The exhibition “The Great Mother” curated by Massimiliano Gioni for Fondazione Nicola Trussardi, is a great review of the XX Cent. history of arts about women, the female role and figure.
The encyclopedic research path displayed throughout the 29 halls in Palazzo Reale follows a chronological criterion that allows the viewer to understand easily the result of a two-year work of the curatorial team. 400 artworks by on view from August 26th cover a time range from 1900, i.e year of the publication of “The interpretation of Dreams” emblematic work by Sigmund Freud, up to the 90s exhibited together with many references like books and historic events, billboards following the same timeline.
Rather than this, curator Massimiliano Gioni prefers another point of view, which helps us to better understand his personal attitude toward theme - for sure influenced by his recent personal history of becoming father just three days ago.
Gioni analyzed the interpretation of art by female artists in recent history, not only in opposition with the ruling power usually managed by male artists. This approach usually gives more stress to the clashes between the two: the power to give life to human beings, biologically entitled to women on one side and the power to write the history generally owned by men on the other. He would rather pay attention to unity and fraternity in the arts. The photographs by Nicholas Nixon of the Brown sisters are a very good example in their kind. According to Gioni, these women come out from the XX Century: resolute and strong, bounded to one another by a biological fil rouge.
Clashes and oppositions are unavoidable when a specific social category revenges its rights in contemporary society. Starting from the first experiments in the moving pictures or photography, women have always been left aside of major revolutions in techniques, values or lifestyles. Here on show for example, a rare video by Alice Gui-Blanché, is a good example of this case, is almost unknown to many, unlike the Lumière brothers on the same period.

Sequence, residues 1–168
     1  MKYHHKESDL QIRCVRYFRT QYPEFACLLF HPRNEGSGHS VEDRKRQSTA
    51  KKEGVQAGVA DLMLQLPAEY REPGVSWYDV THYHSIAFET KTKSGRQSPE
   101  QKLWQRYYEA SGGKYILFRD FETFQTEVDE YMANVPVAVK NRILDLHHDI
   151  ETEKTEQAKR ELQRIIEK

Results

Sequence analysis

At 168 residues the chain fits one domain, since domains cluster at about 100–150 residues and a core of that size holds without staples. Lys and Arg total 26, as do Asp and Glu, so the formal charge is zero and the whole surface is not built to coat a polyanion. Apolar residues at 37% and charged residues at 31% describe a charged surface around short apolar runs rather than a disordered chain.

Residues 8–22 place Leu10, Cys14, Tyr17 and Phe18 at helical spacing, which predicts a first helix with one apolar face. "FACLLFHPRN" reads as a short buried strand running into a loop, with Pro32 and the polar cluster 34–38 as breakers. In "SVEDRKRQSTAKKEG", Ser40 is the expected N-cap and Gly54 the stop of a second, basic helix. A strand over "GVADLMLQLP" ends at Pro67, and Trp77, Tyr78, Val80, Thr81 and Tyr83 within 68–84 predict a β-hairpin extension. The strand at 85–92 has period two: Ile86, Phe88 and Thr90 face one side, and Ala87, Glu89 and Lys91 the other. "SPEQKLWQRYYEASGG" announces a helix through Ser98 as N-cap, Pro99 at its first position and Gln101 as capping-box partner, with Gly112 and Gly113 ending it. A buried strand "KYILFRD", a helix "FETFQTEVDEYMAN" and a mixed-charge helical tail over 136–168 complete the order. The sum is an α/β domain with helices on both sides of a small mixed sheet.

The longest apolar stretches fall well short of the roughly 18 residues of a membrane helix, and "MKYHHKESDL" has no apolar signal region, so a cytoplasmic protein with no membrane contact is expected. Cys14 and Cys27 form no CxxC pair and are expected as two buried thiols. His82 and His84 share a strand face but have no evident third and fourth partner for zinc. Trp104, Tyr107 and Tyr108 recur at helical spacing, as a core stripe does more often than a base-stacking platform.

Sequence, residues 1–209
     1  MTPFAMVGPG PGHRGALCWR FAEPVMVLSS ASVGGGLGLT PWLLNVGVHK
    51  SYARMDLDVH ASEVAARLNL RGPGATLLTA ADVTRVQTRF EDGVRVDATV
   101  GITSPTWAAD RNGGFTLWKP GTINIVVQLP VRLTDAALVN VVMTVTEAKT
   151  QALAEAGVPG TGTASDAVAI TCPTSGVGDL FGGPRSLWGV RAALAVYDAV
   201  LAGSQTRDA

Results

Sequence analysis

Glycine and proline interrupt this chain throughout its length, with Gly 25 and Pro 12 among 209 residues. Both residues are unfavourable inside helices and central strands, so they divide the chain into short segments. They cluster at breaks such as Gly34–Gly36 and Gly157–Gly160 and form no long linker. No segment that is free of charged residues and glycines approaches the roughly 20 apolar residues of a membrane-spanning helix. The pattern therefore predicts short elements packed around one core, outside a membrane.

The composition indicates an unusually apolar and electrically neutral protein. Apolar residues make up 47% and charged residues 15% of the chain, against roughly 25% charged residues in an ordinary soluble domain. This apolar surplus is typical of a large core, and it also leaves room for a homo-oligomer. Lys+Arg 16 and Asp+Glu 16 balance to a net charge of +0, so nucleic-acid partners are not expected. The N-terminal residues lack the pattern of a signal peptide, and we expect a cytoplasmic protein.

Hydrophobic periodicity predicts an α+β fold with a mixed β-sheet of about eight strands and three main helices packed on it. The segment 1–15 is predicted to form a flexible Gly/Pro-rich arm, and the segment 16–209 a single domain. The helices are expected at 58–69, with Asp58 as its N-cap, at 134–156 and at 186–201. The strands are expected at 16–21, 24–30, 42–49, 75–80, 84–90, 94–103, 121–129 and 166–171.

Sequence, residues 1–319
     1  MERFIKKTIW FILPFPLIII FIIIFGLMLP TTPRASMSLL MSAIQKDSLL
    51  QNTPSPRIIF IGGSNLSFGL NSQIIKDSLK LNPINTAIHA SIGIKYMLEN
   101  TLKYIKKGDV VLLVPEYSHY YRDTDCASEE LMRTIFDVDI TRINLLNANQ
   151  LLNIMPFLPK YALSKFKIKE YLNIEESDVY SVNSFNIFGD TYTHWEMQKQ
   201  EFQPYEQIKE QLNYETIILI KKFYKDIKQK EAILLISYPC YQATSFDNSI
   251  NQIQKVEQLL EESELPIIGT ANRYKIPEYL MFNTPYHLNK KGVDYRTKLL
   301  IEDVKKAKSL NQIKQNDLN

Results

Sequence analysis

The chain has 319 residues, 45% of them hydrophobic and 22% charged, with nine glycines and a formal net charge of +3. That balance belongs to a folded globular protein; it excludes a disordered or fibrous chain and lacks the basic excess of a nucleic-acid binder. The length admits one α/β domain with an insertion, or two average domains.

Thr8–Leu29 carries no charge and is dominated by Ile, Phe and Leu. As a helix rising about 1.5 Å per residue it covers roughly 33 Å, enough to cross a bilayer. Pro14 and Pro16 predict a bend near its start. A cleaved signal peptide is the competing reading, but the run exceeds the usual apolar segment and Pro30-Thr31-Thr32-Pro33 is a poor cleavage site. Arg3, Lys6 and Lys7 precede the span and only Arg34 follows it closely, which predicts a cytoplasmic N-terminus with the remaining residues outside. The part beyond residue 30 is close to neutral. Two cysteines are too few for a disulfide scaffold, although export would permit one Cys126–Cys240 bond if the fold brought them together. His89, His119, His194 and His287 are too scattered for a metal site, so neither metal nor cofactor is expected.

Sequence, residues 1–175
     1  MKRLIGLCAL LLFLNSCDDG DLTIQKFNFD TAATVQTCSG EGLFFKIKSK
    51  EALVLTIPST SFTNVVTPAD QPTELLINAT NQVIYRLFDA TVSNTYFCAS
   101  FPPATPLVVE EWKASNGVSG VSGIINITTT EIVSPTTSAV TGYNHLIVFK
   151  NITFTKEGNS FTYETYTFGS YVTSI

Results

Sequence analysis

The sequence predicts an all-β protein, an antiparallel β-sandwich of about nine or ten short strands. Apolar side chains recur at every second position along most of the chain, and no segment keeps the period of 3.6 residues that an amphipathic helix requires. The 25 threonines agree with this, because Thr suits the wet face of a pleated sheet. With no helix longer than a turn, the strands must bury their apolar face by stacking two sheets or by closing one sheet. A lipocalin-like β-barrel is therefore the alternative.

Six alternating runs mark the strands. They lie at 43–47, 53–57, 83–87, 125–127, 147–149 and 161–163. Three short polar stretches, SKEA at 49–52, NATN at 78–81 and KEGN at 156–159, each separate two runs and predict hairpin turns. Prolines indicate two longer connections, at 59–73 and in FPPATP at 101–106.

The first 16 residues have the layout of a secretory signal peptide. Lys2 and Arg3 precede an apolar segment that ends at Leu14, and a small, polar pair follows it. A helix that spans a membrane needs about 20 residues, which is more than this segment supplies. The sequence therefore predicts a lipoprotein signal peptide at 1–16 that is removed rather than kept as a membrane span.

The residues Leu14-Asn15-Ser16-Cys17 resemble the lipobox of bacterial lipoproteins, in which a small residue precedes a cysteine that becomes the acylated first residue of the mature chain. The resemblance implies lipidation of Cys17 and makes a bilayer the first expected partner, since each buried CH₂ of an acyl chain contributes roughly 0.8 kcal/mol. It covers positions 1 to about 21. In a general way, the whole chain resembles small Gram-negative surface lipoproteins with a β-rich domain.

The show is built like a family photo album, going back and forth the historic events of the XX Cent. and the main characters of history of arts, from the Avant-gardes of the beginning of XX Cent to the totalitarian regimes, from the worldwide protests in the 70s to the third generation of feminism in the 90s, that Gioni calls the “New Femminism”, where women are accepting the “femme fatale” as a quality rather than a sticky label to deny.
The general stress of the show is intimate and personal. Priority is given to artworks that better interpret the theme rather than to commercial aces: A contemplative Boccioni, a multi-colored Kara Walker, together with a rare book by Enif Robert, Marinetti-female-alterego, “Un ventre di donna/A woman’s womb”, Warhol video clips portraying his mother, 50 precious works on paper by Max Ernst and, least but not last, Luise Bourgeois hall, where motherhood and solitude are the overwhelming tones. The show is an invitation to re-read XX Cent. art history from the perspective of a woman, with a fully documented research approach. A big shout-out is due to the curatorial team which is made by women, apart from Gioni.
Written by, Elena Girelli